Wednesday, August 4, 2010

100 years, 100 films metapost: 10 best films of the thirties

So I've now reached the end of the thirties on my ever-increasingly stupid-seeming "100 years, 100 films" experiment/waste of time. That means it's time for my "10 best films of the thirties" list. Hooray!

10. The Rules of the Game (1939). A bunch of upper middle class French idiots gather at a country house and try to have sex with each other. Jean Renoir's film is a masterpiece of camera movement, social commentary, and gentle anger.

9. It Happened One Night (1934). Frank Capra can be really funny, when he isn't making films about how great America, God and small towns are. Here his funnyness is in full effect, and the small town b.s. is toned down to an absolute minimum.

8. Scarface (1932). The moment when I officially decided I hated Oliver Stone was when he claimed that the dreary 1983 Scarface remake, which Stone had scripted, was better than Howard Hawks' original (which Stone claimed "wasn't that good.") Screw you, Oliver Stone. Paul Muni could beat the shit out of Pacino any day.

7. Holiday (1938). This George Cukor directed gem would be the definitive screen pairing of Katherine Hepburn and Cary Grant, if it wasn't for the existence of film number 2 on this list.

6. Little Caeser (1931). It may not be a "great" film, but Edward G. Robinson's bravura performance rips the film from its standardness, and turns it into something special.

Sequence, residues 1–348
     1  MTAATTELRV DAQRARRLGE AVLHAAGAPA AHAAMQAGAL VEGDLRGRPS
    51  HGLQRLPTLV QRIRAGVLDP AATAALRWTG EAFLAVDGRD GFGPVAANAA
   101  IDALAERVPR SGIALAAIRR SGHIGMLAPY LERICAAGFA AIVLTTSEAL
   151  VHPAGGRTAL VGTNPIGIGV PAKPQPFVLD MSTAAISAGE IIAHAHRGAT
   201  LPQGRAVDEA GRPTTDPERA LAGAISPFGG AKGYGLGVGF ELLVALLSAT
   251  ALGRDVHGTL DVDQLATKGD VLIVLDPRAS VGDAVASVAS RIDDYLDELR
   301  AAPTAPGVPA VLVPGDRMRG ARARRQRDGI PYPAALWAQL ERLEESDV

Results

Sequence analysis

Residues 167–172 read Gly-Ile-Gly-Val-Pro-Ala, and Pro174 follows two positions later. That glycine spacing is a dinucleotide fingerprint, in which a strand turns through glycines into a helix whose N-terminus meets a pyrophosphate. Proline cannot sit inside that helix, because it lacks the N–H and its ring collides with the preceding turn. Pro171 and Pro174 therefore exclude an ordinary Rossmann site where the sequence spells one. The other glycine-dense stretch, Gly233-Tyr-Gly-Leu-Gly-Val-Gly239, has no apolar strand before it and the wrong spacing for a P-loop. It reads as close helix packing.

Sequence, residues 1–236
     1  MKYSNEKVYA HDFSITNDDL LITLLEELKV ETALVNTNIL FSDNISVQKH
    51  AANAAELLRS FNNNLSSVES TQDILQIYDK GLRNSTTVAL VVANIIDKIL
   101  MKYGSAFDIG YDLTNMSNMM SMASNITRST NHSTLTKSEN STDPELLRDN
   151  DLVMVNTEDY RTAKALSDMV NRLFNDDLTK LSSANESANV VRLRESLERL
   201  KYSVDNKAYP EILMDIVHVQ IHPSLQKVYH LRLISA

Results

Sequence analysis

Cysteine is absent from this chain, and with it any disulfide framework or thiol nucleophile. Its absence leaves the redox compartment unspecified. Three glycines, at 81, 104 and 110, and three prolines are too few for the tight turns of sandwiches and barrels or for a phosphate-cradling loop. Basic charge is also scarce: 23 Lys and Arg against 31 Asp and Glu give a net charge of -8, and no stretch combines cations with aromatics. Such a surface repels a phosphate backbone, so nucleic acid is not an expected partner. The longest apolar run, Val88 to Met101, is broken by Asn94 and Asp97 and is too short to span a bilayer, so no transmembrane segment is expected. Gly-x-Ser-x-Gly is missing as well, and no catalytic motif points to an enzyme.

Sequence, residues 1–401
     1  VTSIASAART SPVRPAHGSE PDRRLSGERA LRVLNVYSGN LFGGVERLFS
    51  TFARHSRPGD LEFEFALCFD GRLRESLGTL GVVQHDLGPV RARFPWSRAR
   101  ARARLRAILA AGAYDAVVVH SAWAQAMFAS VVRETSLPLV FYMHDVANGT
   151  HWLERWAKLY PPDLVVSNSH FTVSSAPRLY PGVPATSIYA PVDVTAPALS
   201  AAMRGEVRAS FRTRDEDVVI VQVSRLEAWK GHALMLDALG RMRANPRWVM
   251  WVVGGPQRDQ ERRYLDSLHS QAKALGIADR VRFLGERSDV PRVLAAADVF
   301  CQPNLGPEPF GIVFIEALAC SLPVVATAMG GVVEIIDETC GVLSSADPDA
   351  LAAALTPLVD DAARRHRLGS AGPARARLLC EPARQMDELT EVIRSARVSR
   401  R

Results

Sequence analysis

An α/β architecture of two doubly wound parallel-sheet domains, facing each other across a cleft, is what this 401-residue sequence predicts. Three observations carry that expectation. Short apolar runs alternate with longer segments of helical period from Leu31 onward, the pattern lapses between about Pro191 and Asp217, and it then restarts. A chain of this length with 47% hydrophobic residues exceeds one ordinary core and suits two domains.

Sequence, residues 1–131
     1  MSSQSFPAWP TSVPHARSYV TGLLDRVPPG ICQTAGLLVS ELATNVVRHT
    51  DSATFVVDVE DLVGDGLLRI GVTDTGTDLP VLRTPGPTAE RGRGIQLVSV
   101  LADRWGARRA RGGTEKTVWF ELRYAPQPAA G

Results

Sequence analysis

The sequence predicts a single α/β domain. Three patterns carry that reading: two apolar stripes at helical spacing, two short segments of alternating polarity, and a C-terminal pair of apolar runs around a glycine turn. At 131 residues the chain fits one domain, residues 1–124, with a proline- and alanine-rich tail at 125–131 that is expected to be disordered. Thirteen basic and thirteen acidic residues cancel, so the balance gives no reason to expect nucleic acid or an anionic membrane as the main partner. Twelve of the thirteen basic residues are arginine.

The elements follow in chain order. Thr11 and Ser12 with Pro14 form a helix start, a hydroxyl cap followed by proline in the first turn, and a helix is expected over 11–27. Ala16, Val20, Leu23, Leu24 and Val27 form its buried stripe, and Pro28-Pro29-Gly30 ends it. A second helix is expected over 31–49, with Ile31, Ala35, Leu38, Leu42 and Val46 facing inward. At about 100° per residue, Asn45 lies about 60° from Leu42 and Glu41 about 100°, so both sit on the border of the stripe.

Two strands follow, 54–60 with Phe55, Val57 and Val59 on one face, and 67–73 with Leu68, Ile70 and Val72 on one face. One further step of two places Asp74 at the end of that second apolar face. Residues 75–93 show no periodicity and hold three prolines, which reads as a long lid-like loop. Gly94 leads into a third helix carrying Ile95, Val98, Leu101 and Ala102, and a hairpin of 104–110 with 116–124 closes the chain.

5. The Awful Truth (1937). Leo McCarey and Cary Grant team up and master the screwball comedy. Magic.

4. The Adventures of Robin Hood (1938). Errol Flynn's most lavish and beautiful film is one of the greatest screen spectacles of all time.

3. Horse Feathers (1932). Duck Soup may be crazier, but the Marx Brothers' fourth film, Horse Feathers, was much funnier. It may be standard comedy fodder - dumbasses at college - but, oh, what the Marx Brothers do to that college...

2. Bringing Up Baby (1938). The definitive screwball comedy. Howard Hawks was pretty damn close to perfection with this manic, insane mess.

1. The Invisible Man (1933). I know most people think that James Whale's masterpiece is the excellent Bride of Frankenstein. But for me, nothing beats Claude Rains' voice going crazy and wreaking havoc on the most ridiculous and eccentric English village ever put on film.

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